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  • For the Bold, For the Fantasy Lover, For Slightly Older Readers

    A fantasy series that respects its audience, features spectacular world building, and powerful themes that resonate in today’s modern world? Sounds pretty good, doesn’t it? Well that’s exactly what you’ll get from Stuart Hill’s book Cry of the Icemark. Hill creates a vibrant world filled with mythical species, diverging viewpoints, and he never pulls his punches while weaving together his book about a warrior princess in a land of ice and snow.

    Cry of the Icemark focuses on the story of Thirrin Strong-in-the-Arm Lindenshield, a young princess in Icemark, a snowbound country sandwiched between the vicious Polypontian Empire and Land-of-the-Ghosts. When the cruel and ambitious General Scipio Bellorum turns his eyes to the Icemark, Thirrin must gather all the allies she can in order to protect her country.

    The world of Cry of the Icemark unfolds gradually for the reader, first introducing Thirrin's home in the capital before revealing the intricate layers of the werewolf, vampire, and leopard civilizations around her. Hill creates a clear hierarchy and unique societies within the different cultures, but his presentation of his world sometimes lack finesse.

    Hill does not talk down to his reader, he does not indulge in long monologs or paragraphs of world building. Instead, he integrates it into the story and respects the audience enough to understand what's happening. It is world-building at its best, trusting his readers when oftentimes middle-school readers are not respected by the author.

    But, this also means certain elements of the exposition feel hurried. Specifically, when we first meet a werewolf, the reader is barely aware that they exist in this world.  From Thirrin we learn that werewolves are seen to be animalistic and unable to speak, let alone have their own society.  This precedent is barely established before Thirrin learns that there is more to werewolves than she believed. This lessens the impact of Thirrin’s revelations, leaving the audience behind on her emotional ride.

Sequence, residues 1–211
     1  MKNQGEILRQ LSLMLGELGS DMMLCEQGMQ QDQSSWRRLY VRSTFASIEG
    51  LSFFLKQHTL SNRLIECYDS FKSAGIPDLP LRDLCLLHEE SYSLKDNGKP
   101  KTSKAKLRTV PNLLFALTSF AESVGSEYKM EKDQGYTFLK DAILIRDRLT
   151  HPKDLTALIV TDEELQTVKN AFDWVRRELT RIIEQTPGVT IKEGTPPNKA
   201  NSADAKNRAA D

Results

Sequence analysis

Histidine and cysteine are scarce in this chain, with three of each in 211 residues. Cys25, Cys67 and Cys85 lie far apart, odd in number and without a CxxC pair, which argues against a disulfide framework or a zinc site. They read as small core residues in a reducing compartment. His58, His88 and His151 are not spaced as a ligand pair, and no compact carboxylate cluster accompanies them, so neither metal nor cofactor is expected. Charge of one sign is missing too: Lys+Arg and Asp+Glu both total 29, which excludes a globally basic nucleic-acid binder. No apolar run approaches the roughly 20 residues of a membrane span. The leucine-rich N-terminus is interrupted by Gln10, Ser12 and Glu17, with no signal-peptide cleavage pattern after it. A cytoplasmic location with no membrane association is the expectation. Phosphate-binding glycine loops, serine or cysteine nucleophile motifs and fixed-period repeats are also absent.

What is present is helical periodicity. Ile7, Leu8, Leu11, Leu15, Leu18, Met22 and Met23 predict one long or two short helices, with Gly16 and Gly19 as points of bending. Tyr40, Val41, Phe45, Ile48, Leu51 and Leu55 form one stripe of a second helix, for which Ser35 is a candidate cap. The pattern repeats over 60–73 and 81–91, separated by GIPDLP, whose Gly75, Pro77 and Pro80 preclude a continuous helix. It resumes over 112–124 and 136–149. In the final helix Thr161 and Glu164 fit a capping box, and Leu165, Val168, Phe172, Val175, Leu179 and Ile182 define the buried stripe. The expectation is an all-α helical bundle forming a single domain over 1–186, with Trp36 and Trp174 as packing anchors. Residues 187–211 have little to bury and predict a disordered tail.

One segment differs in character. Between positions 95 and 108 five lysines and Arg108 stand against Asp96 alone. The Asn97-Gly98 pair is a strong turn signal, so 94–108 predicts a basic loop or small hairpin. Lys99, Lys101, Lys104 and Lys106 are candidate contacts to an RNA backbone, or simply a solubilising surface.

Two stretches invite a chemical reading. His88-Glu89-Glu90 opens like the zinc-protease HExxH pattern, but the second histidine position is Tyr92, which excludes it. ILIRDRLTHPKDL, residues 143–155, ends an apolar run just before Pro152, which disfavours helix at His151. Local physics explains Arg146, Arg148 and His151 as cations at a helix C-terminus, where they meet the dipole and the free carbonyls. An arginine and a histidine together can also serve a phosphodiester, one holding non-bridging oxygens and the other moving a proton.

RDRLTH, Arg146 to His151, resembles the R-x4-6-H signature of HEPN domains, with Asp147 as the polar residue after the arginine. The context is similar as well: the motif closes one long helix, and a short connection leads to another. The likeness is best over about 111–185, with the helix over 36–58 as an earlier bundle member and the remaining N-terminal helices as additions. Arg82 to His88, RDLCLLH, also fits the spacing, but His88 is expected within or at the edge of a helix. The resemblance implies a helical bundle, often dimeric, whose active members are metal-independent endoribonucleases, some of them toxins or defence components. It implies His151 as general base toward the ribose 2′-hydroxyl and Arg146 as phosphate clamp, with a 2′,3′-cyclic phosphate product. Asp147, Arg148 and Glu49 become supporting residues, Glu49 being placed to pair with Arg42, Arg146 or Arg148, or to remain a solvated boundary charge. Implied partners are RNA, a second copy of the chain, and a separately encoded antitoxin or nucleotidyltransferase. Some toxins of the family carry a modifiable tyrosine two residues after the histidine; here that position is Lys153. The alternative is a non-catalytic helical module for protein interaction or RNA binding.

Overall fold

The various military battles are where Cry of the Icemark hits its stride. A blend of action and excitement told by someone who understands how to strategize, how an army moves, and how to create a sense of that duty for each character. Where other moments of the story drag on with frequent visits to Thirrin's future-allies, Hill takes his time describing the battles with intricate details while capturing the fear and thrill of battle.

    Hill also doesn't hide the devastation of war from his readers. After Thirrin's first true battle, she is exhilarated and proud of her victory, and yet she breaks down sobbing. It is not just the loss of her own troops, but also just the cruelty of war that forces men to kill one another. This becomes one of the most powerful moments where the readers can understand this commanding and pigheaded princess.

    Thirrin Strong-in-the-Arm Lindenshield is a powerful character, but often times the reader is divorced from her emotions. While you are easily pulled into the story, with the omniscient narrator who allows us to see the world through the eyes of Thirrin, Bellorum, her friend and magical aid Oskan, and other characters, it can be difficult to connect with one particular character.

    Perhaps one the highlights of this book series is how Thirrin learns and accepts the different cultures she encounters. When Thirrin realizes werewolves can talk and they have a king, she demands that her father not only spare the king's life, but she makes an alliance with him. Thirrin does not understand the finer points of the magical world, but she listens to the advice of Oskan and the werewolf king Grishmak.

    When Thirrin is too stubborn and unwilling to listen, she often struggles under the weight of protecting her country. But as soon as she listens to her advisors and talks with the different peoples whose customs are foreign to her own, she finds a way to become friends with them.

    It is a viable lesson in today's world, adding value to an already rich story that appeals to both mature middle-school readers and any adults who want to read along. It's worth the adventure.